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Iran’s nuclear chief: We have technology to make an atomic bomb, but we have no plans to do so: Iran’s nuclear chief

According to the semi-official Fars news agency, the head of Iran’s atomic energy organization, Mohammad Eslami, said on Monday that Iran has the technical ability to make an atomic bomb but has no plans to do so.

Eslami repeated what senior adviser to Supreme Leader Ayatollah Ali Khamenei Kamal Kharrazi said in July. Kharrazi’s comments were a rare hint that the Islamic Republic might want nuclear weapons, which is something it has always denied.

“As Mr. Kharrazi said, Iran has the technical know-how to make an atomic bomb, but there are no plans to do so,” Eslami said.

Iran is already enriching uranium to a level of up to 60% fissile purity, which is much higher than the limit of 3.67pc set by the now-broken 2015 nuclear deal between Iran and world powers. Uranium that has been enriched by 90% can be used to make a nuclear bomb.

In 2018, former US President Donald Trump got rid of the nuclear pact, which limited Iran’s work to enrich uranium, which could lead to nuclear weapons, in exchange for easing international economic sanctions.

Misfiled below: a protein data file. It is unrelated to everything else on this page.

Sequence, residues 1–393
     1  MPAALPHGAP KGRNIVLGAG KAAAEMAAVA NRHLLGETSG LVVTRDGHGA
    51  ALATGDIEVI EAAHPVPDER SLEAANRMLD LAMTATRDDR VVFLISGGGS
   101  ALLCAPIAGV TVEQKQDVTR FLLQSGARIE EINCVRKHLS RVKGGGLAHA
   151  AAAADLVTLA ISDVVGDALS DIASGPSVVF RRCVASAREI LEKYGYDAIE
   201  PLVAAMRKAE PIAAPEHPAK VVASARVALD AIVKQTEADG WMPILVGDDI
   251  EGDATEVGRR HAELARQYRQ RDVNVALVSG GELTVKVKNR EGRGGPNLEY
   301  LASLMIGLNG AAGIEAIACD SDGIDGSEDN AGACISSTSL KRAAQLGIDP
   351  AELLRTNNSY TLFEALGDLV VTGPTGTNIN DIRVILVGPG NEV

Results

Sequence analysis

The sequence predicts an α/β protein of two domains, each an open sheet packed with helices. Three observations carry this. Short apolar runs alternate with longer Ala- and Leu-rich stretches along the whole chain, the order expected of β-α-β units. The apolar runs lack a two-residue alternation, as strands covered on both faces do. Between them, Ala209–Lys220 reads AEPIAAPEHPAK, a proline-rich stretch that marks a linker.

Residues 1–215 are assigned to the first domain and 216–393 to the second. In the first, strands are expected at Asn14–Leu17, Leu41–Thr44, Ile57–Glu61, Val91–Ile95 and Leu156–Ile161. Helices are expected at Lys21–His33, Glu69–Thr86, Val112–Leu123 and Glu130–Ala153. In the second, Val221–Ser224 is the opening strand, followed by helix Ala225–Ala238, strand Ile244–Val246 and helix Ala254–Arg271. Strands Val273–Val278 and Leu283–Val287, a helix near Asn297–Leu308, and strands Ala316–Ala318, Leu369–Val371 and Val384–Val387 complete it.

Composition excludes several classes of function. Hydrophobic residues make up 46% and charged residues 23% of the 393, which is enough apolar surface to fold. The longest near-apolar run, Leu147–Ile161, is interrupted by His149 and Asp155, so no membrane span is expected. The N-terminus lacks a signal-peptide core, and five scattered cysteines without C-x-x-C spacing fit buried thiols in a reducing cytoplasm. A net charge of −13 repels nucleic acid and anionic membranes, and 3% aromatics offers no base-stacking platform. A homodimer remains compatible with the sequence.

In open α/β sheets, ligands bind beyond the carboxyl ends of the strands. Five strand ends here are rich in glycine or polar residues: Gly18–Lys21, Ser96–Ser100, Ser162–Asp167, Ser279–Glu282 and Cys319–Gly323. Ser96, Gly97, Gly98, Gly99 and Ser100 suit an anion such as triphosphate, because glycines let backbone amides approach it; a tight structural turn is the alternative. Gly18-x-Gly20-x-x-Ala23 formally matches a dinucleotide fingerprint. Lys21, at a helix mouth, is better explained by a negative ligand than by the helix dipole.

The top Iranian nuclear negotiator said on Sunday that Iran has responded to top EU diplomat Josep Borrell’s plan to save the nuclear deal and that it wants negotiations to end quickly.

Borrell said that he had come up with a new draught text to get the deal back on track. “After exchanging messages last week and looking over the proposed texts, we may be able to decide soon on when to start a new round of nuclear talks,” Nasser Kanaani, a spokesman for Iran’s foreign ministry, said.

After 11 months of indirect talks in Vienna, Iran and the government of US President Joe Biden agreed on the main points of a new deal in March.

But then the talks broke down because of things like Tehran’s request that Washington promises that no other US president will leave the deal as Trump did. Biden can’t say this because the nuclear deal is not a legally binding treaty. Instead, it is a political agreement that doesn’t have to be kept.

Written By

Mahnur is MS(development Studies)Student at NUST University, completed BS Hons in Eng Literature. Content Writer, Policy analyst, Climate Change specialist, Teacher, HR Recruiter.

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